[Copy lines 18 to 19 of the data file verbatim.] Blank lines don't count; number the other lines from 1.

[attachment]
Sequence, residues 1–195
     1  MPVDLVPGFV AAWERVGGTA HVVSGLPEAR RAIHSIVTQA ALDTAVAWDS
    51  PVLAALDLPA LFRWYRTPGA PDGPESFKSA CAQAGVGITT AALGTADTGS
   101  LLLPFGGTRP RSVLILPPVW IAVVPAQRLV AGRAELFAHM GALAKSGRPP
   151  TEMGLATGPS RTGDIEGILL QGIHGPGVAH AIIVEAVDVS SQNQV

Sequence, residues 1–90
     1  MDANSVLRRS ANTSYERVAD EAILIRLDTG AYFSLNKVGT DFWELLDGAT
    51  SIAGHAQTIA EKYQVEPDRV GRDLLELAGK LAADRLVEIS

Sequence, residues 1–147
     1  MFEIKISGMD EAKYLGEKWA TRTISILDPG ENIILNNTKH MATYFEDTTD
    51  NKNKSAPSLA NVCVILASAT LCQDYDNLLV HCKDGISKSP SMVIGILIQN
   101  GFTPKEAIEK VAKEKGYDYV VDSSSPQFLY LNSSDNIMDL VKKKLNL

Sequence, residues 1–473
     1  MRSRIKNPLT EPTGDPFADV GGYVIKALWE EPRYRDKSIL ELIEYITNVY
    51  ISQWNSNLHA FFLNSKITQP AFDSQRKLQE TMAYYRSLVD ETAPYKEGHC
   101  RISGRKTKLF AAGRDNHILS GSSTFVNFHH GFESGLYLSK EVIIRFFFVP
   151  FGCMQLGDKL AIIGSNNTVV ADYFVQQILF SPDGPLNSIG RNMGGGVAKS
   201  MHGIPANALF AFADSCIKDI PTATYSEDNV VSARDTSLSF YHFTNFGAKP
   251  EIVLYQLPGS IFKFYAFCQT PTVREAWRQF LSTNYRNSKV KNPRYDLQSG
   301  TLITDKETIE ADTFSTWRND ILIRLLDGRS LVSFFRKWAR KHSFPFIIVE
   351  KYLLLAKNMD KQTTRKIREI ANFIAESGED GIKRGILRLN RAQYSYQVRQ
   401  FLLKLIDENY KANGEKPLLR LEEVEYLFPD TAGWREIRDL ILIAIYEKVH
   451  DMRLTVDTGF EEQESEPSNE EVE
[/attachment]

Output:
   201  MHGIPANALF AFADSCIKDI PTATYSEDNV VSARDTSLSF YHFTNFGAKP
   251  EIVLYQLPGS IFKFYAFCQT PTVREAWRQF LSTNYRNSKV KNPRYDLQSG